Magazine article The Spectator

Breast-Feeding Battles

Magazine article The Spectator

Breast-Feeding Battles

Article excerpt

New mothers who can't keep to the breast-feeding orthodoxy face needless misery and shame

How should a new mother feed her baby? You might well imagine that was up to her. While some mothers take to breast-feeding as if their bosoms have been waiting all their lives for it, others find it exhausting, excruciating and demoralising. Sacrificing every waking hour to nature's cause, they still produce a mere soupçon of milk, not nearly enough to satisfy a ravenous baby. So isn't it sometimes better to bottle-feed, with formula milk?

Beware. To do such a thing, in our guilt-ridden, competitive age, is seen as stepping into an abyss of last resort. Never mind that your baby will stop crying at last, fall blissfully asleep: the goody-goody breast-feeding mothers in your NCT group will mentally vilify you as a slovenly baby-poisoner.

The La Leche League, the NCT, the Association of Breastfeeding Mothers and the National Breastfeeding Helpline try hard these days not to sound too judgmental. They do not like being nicknamed 'the Breastapo', although some of the NCT's bossier members can be terrifyingly dogmatic. 'We support all mothers, however they decide to feed their baby,' they insist. But their websites also explain that if you choose formula rather than breast milk, your baby is more likely to suffer from gastroenteritis, diarrhoea, respiratory, urinary, gut and ear infections, asthma, pneumonia, diabetes, obesity, leukaemia and a low IQ. Anna Burbidge, a spokesperson for La Leche League, quoted a recent Unicef survey saying that a baby will be more likely to be hospitalised during its first year if not exclusively breast-fed for the first six months.

No wonder so many mothers, struggling to teach their baby to breast-feed in its first week of hungry, bawling, weight-losing life, are so scared. They would do anything to avoid the drop of formula milk that would ruin their babies' chances of getting into Oxbridge and might be tantamount to infanticide.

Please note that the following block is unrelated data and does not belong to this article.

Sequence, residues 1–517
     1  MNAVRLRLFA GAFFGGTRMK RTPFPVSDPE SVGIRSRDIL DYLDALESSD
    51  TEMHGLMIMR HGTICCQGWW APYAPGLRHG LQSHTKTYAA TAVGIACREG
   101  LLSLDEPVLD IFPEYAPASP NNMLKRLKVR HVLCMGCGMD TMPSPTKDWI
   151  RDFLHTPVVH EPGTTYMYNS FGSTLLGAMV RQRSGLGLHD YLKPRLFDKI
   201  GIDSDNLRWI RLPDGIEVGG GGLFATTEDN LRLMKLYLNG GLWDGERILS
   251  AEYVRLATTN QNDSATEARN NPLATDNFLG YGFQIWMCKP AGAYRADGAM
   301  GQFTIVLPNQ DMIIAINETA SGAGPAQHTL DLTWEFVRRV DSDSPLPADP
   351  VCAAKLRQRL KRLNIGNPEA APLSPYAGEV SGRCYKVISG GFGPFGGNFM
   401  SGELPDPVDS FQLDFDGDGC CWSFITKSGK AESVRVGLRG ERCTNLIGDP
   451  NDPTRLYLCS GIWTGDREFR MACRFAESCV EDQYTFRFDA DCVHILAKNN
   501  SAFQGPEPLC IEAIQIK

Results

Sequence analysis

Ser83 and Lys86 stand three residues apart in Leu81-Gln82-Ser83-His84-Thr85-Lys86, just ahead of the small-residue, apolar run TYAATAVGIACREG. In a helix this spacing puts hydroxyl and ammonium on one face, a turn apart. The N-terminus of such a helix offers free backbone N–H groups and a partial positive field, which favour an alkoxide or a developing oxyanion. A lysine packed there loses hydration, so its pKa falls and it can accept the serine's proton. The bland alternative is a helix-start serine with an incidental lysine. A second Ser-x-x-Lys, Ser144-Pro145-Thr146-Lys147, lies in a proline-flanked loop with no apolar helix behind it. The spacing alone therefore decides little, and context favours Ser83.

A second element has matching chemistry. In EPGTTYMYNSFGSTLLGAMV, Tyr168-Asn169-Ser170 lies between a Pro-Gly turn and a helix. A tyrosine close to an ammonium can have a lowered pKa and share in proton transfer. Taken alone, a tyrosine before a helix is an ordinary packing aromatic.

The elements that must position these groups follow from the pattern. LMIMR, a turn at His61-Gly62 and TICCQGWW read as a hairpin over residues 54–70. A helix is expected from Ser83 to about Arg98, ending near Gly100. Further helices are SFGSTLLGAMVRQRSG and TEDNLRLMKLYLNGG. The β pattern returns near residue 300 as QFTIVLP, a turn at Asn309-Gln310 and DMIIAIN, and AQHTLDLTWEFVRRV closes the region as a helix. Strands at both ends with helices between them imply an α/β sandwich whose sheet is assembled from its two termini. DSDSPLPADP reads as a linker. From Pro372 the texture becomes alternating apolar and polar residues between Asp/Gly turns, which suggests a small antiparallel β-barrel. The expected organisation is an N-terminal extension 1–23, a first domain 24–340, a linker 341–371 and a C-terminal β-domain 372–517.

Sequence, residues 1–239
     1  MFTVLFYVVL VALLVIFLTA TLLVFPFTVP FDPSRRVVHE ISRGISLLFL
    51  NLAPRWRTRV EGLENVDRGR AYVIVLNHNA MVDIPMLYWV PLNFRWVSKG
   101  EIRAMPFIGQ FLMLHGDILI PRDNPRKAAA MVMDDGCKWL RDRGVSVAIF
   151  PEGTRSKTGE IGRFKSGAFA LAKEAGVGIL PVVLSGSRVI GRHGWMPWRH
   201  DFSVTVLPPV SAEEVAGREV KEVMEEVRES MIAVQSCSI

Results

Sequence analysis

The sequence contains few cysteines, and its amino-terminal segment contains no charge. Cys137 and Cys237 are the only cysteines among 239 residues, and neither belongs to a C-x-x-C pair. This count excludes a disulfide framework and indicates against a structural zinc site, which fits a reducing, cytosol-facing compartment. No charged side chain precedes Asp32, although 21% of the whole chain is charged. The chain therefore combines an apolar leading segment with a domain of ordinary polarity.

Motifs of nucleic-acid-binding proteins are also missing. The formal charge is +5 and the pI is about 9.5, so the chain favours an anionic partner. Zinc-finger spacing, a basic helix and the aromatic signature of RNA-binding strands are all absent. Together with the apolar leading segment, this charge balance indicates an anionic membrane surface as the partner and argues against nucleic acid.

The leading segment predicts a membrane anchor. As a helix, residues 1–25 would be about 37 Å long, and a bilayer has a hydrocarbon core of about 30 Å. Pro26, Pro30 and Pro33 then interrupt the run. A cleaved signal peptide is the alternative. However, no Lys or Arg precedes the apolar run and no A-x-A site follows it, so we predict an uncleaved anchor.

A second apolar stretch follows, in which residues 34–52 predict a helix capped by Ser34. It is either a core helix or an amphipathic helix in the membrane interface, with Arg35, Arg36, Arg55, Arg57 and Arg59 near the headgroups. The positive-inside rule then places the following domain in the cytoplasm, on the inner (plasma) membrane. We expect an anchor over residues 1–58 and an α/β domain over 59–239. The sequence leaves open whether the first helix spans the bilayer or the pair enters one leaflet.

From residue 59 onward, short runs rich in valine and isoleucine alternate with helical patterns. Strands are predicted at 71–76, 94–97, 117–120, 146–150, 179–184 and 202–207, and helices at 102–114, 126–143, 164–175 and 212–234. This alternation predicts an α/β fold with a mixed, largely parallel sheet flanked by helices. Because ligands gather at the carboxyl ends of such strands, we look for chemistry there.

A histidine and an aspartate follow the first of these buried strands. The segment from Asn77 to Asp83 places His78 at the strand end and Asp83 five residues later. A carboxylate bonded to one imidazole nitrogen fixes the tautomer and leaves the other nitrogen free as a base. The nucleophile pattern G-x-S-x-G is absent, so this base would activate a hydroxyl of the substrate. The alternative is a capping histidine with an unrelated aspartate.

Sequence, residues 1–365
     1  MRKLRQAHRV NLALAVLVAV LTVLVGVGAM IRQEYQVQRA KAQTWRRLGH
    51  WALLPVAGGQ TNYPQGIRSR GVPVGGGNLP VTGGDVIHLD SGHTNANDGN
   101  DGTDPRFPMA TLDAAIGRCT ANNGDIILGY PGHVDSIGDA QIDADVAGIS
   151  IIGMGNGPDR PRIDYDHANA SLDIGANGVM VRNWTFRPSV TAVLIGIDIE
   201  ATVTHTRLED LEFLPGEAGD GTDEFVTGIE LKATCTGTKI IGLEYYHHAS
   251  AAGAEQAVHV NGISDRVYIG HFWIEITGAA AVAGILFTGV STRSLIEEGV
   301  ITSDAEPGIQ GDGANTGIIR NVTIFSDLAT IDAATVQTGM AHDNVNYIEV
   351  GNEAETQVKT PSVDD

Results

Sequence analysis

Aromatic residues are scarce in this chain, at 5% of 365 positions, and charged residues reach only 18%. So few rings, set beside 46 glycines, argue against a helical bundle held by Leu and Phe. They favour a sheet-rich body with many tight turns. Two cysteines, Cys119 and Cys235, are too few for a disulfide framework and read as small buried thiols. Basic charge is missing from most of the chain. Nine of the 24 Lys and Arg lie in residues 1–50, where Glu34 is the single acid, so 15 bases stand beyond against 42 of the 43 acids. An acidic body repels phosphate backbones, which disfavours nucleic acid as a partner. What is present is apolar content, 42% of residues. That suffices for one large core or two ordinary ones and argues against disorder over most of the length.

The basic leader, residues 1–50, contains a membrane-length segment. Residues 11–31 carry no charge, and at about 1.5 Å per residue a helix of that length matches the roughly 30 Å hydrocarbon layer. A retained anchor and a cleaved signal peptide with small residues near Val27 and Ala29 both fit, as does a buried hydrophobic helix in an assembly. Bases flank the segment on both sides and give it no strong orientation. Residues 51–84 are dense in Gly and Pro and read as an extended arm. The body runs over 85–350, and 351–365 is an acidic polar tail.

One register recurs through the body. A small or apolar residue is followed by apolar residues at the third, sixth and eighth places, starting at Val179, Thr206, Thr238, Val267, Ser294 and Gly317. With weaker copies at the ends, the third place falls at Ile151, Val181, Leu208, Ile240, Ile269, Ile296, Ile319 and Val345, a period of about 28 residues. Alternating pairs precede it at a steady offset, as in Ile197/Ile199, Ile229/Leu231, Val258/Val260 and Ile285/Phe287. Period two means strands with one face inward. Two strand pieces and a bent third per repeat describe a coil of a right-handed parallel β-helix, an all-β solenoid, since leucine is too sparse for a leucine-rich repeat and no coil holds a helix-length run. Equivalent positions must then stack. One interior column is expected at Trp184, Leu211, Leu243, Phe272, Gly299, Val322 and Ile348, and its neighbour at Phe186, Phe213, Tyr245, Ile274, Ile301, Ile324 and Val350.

Breast-feeding has become one of the 'halo' achievements a woman longs to add to her collection of lifetime virtues -- along with not having an epidural, only eating organic, getting a 2.1, passing the driving test first go and only marrying once.

But it's the middle of the night, and the baby is screaming because it can't 'latch on', and the mother is crying and the husband is desperate, so they ring the breast-feeding counsellor, who says, 'You will get the hang of it... keep persevering... remember, nose to nipple... whatever you do, don't give formula...' It doesn't work. And downstairs there's a carton of formula milk given as a promotion to pregnant mothers by a wicked corporation.

The weird thing is that many breast-feeding counsellors were themselves bottle-fed as babies, but have nonetheless gone on to live long, healthy lives, with a rewarding career. Can formula milk really be that bad, then? In the 1960s and '70s, bottle-feeding was the norm: mothers were routinely given an injection after giving birth to 'stop the milk' and maternity wards contained boxes of bottles and formula. That, to the current breast-feeding mafia, is a vision of hell: a dystopian scenario in which thousands of innocent babies were force-fed on processed skimmed cow's milk and denied the vital enzymes and antibodies with which to fight off the diseases life would throw at them. How could anyone do that to a baby? Emotions run high. And once I mention the person I'm about to mention, they'll run even higher. …

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